Investing in the Markets

When you think of “investing” what is the first thing that comes to mind? For many of us it’s getting our money in the markets through stock purchases. Are the markets really the best place to put your money? Let’s take a look.

Making Money With Stocks

Anyone can purchase part of a company through the sale of stock, benefitting from their business growth while feeling good about what you’re supporting, right? In reality it isn’t so easy. There are restrictions on investments in private companies, and a lot of work can go into analyzing stocks as you try to buy low and sell high, or find high dividends.

People see stocks as a way to support companies they believe in. Unfortunately, unless you purchase during an Initial Public Offering (IPO), when the company is putting stock for sale for the first time, your dollars aren’t helping the organization. Buying stocks simply transfers ownership from another investor to you.

Contrast this with a local investment like CED Co-op, where 100% of your dollars stay in the community and support local projects. You truly are an owner, with a vote and a voice.

Increased Volume, Not Increased Value

In recent years, automated trading has greatly increased the volume of trading. From 1990 to 2008 the number of trades on the New York Stock Exchange increased 20 times, to over 6 billion shares traded per day. Clearly there aren’t 20 times the investors, or 20 times the wealth being created, but everyone is moving money faster, trying to squeeze more out of their investments. This is the foundation of high frequency trading where computers can execute complex orders at breakneck speeds.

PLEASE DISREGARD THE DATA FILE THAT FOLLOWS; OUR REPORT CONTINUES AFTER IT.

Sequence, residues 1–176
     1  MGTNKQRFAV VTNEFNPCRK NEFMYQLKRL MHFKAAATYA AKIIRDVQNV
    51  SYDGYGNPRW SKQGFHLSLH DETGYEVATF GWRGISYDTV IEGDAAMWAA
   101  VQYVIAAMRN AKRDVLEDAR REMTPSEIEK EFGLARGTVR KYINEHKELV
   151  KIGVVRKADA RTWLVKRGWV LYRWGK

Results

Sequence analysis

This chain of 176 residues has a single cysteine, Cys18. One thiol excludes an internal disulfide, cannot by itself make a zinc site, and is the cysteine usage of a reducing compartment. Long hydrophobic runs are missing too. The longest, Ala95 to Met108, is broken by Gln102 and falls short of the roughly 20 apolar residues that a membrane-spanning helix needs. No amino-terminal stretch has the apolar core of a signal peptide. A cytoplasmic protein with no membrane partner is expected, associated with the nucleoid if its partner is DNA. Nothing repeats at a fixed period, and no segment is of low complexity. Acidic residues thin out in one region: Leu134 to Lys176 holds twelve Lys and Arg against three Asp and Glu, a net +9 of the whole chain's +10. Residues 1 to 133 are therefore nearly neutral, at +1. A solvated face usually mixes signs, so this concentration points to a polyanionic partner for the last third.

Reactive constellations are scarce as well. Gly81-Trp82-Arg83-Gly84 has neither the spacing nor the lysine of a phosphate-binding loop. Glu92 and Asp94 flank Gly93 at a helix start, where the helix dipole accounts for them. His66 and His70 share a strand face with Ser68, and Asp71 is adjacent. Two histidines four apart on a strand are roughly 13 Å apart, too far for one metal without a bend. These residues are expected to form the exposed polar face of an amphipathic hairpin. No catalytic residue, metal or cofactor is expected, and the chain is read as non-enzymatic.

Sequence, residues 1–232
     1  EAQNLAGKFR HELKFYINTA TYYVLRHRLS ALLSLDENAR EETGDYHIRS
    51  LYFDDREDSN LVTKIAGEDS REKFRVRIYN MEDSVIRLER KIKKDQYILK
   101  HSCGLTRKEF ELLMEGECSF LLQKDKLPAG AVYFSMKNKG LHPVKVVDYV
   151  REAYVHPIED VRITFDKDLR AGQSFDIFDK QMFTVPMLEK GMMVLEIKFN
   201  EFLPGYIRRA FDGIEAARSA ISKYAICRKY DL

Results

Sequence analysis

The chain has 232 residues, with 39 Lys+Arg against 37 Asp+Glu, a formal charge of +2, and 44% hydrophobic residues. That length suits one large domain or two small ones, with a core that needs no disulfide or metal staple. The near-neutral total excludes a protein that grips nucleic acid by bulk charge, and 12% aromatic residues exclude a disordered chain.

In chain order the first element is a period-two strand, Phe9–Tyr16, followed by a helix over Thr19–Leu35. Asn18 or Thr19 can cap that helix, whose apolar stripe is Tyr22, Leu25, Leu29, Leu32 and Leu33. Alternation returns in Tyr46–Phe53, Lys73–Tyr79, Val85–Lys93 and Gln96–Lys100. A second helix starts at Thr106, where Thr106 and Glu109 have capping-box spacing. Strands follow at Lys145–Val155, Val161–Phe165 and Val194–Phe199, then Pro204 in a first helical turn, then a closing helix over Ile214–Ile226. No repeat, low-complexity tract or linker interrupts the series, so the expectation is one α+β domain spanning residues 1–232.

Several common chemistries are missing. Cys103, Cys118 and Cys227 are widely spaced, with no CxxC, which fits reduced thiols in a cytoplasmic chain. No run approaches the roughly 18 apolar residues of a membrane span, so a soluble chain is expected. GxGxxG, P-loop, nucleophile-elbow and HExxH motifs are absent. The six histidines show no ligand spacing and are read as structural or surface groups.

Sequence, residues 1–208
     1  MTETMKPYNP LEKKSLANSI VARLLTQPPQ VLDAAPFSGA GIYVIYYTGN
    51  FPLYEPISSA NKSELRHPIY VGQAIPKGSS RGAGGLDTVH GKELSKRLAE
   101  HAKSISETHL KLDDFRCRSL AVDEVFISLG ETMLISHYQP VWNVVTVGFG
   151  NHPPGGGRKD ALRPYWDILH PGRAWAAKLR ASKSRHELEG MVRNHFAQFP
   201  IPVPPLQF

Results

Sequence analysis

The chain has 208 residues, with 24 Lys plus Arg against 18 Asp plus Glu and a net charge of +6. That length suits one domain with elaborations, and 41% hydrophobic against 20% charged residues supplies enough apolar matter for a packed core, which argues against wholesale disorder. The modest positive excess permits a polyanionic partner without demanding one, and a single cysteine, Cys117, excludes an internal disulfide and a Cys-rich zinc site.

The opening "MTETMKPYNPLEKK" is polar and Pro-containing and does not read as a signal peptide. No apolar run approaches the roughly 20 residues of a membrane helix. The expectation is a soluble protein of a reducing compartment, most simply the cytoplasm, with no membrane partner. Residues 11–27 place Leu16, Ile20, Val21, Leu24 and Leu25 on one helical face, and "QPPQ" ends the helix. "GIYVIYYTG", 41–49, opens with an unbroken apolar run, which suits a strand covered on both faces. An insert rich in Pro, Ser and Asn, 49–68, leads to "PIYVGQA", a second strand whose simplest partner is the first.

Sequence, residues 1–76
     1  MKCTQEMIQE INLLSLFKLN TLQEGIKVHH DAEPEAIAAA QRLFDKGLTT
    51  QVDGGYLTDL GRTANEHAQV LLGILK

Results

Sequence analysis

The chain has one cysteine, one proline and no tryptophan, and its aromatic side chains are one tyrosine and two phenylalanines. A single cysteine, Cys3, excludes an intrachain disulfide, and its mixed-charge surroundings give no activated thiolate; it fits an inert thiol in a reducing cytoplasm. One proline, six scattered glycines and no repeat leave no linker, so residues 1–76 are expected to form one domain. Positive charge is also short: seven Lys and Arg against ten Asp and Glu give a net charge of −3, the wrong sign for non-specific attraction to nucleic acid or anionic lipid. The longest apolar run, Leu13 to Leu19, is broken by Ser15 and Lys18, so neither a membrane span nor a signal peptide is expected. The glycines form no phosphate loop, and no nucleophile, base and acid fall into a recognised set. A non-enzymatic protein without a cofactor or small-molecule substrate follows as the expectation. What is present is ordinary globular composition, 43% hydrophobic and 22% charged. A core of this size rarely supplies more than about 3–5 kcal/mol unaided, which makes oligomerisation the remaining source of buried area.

Other Instruments

Options, futures, swaps, and derivatives are just a few examples of more complicated ways to invest in the markets. Each comes with their own complexities, making it tricky for the average investor to take advantage of them in their portfolio.

Lately cryptocurrency has seen a lot of media attention. It’s tempting to be seduced by past success, but how do you value this new option, and what are the risks of an unregulated market where groups can pump up the price, then dump their holdings? Every time someone makes money, someone else loses it.

Beating The Odds

As you can see, the markets can be confusing. It’s no wonder the top investors are only right slightly more than 50% of the time. Yet the average Wall Street bonus in 2014 was over $172,000.

How CED Co-op Compares

If you don’t want to master stock analysis, or trust a trader who’s no better than a coin flip, what is a savvy investor to do? Surely local investments open to any adult in Ontario can’t match the gains of the markets?

While we can’t predict future performance (wouldn’t that be nice!) we can compare history to our returns. Let’s look at the TSX, one of the largest stock exchanges, based down the road in Toronto.

Graph - CED Co-op vs TSX returns

3 Year Return

3 years ago wasn’t a great time to start investing. The TSX was almost as high as it is today. If you invested in the TSX 3 years ago you would have seen a 3.09% annualized return before fees. Our 3-year bond would have given you a 4.50% return, beating the TSX.

5 Year Return

The TSX has us beat here. Markets have improved since 5 years ago and would have given you a 5.70% return. Our 5-year bond has a 5.00% return.

10 Year Return

In the good times before the 2008 financial crisis the TSX was flying high. Investments in the TSX 10 years ago would only have delivered a 1.50% return over 10 years. That 2008 drop hurt, and we have only just rebounded. A smart investor who put their money in our 10-year bond, however, would have seen a 6.00% return over the same period.

15 Year Return

This is one of the best entry points into the TSX, just after the dot-com bubble and 9/11’s effect on the markets. A 15 year investment in the TSX gives a 6.35% annualized return. That’s pretty good, but doesn’t quite match the 7.00% CED Co-op would pay for 15 years on Class B Preference Shares.

Volatility Or Stability

We know, past performance doesn’t equal future success. What we do know is that the markets are volatile and unpredictable. You can take a chance and come out a winner, but our predictable annual returns would have beat the market in the past, and we believe will continue to do so in the future.

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